Date of Award

Spring 2022

Document Type


Degree Name

Doctor of Philosophy (PhD)



First Advisor

Joseph, Gilbert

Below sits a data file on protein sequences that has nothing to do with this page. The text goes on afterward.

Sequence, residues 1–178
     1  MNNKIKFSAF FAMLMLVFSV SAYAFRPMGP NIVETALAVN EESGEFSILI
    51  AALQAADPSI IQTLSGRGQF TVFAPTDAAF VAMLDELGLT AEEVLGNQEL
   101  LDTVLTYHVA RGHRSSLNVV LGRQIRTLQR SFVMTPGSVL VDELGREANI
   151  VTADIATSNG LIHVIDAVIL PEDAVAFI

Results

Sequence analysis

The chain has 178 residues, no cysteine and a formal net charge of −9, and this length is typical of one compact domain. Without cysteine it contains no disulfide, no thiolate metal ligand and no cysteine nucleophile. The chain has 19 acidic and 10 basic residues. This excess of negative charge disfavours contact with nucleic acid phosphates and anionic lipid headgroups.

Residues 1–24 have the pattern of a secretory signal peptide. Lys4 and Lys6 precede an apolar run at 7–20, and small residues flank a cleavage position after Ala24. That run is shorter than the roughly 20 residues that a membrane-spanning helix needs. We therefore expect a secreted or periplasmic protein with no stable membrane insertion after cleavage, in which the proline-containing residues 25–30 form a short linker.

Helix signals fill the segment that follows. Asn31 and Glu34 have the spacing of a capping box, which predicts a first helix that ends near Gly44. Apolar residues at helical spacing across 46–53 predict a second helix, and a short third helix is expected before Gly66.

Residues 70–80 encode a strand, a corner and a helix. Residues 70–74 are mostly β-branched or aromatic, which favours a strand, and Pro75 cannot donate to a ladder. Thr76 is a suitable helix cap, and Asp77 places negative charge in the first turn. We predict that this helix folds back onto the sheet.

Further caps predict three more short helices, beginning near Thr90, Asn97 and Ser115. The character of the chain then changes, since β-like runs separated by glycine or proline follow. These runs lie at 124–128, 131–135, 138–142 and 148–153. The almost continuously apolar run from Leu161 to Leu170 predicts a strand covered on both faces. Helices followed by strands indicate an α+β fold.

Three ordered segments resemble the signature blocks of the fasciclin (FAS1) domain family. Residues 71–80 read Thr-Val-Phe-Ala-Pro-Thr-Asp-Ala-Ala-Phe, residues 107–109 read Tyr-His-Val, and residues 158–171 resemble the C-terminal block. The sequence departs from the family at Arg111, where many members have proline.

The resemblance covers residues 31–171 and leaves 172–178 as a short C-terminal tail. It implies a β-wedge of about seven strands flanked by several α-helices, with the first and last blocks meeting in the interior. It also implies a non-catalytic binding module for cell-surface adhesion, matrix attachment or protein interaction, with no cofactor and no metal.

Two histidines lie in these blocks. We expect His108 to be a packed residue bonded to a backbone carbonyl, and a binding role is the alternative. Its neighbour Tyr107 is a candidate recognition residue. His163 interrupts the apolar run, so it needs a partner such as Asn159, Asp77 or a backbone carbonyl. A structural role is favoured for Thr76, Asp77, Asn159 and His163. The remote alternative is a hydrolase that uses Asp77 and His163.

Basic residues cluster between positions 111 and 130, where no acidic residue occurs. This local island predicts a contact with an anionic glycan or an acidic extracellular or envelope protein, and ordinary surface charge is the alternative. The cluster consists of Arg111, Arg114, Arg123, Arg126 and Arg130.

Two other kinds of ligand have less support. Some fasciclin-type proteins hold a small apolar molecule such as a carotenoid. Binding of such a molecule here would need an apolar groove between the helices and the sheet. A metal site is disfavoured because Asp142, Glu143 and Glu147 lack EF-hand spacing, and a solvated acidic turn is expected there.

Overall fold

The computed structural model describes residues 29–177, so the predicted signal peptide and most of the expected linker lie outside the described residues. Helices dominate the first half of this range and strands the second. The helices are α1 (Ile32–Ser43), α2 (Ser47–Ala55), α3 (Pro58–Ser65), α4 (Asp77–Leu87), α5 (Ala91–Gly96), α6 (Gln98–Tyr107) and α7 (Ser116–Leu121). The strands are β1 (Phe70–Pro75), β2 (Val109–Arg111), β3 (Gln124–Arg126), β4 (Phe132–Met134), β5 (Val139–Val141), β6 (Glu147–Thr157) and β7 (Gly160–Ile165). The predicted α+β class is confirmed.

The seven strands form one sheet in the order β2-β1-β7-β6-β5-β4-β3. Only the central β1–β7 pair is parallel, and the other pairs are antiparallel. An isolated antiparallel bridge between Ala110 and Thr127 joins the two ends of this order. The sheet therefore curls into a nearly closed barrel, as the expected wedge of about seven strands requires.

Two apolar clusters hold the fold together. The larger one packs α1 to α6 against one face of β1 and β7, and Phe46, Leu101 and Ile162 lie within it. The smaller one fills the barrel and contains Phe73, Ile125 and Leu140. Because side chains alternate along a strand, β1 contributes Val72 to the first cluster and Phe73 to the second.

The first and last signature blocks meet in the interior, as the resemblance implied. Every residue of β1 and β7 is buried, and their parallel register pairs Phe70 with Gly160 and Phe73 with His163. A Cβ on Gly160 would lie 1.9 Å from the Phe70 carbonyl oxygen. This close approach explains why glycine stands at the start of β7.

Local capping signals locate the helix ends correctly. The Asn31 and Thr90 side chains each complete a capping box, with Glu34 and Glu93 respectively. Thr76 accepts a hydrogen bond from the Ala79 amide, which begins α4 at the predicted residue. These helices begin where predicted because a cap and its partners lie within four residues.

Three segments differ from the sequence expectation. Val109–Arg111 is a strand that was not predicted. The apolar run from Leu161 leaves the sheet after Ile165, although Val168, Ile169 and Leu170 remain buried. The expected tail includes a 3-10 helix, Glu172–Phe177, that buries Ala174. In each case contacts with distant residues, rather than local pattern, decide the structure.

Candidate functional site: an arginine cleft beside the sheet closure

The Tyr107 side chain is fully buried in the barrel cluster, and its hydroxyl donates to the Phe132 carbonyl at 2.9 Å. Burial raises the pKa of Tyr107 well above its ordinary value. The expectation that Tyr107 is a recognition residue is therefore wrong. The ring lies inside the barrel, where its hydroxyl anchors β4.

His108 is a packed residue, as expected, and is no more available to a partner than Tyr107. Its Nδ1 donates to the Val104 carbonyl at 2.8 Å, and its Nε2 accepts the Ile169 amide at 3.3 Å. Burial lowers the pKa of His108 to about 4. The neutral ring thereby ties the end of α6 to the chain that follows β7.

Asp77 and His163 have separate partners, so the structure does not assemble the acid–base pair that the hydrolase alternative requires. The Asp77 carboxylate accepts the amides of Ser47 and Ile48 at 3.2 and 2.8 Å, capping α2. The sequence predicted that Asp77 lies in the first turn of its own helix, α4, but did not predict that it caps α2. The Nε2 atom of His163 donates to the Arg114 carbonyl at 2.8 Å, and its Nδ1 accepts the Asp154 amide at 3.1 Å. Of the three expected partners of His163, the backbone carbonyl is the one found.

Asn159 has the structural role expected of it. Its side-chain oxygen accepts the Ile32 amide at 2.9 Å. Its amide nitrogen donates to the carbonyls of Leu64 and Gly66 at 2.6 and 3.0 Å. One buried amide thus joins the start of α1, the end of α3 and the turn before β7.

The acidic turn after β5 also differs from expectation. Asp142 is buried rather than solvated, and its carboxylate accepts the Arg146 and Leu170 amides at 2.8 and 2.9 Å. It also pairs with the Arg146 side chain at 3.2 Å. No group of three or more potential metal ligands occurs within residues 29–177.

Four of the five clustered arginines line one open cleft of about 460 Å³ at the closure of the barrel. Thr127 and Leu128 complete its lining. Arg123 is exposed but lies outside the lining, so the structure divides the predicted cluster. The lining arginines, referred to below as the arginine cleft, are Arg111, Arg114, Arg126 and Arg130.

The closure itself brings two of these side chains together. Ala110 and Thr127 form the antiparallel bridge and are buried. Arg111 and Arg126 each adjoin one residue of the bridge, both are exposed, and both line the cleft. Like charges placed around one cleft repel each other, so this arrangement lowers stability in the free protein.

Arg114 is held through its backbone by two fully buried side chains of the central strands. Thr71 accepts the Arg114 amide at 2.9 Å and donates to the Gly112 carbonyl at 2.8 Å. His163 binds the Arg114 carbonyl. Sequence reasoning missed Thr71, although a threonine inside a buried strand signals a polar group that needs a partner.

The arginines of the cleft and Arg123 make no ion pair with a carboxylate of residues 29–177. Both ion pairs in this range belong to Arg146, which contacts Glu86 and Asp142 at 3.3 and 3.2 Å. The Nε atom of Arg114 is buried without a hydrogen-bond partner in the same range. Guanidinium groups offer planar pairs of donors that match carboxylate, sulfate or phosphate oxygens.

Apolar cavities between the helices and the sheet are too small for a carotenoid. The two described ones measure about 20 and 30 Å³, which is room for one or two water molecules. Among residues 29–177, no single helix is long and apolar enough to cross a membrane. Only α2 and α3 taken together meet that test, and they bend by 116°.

This dissertation examines the rise and fall of Catholic women’s opposition to the secularizing efforts and seemingly progressive gender and racial politics of the Mexican Revolution of 1910 and its nascent state apparatus. Through rigorous discursive analyses of state and Catholic print media published between 1917 and 1946, it traces middle- and upper-class women’s ideological production and argues that their counterrevolutionary religious movement was both driven and un-made by gendered constructions of whiteness. The first half of this dissertation (Chapters 1-3) analyzes the Mexican Church-state conflict prior to 1930 as a transnational struggle between two racialized and competing forms of historical subjectivity, meaning-making, and world being—namely, religion (Catholicism) and secular “Revolution.” The second half of this work (Chapter 4-6) examines institutional development during the 1930s and 40s, demonstrating how Catholic women’s groups and state institutions’ lingering distrust of working-class mobilization gave way to their gradual convergence under hegemonic national discourses of mixed-race identity designed to subdue indigenous actors.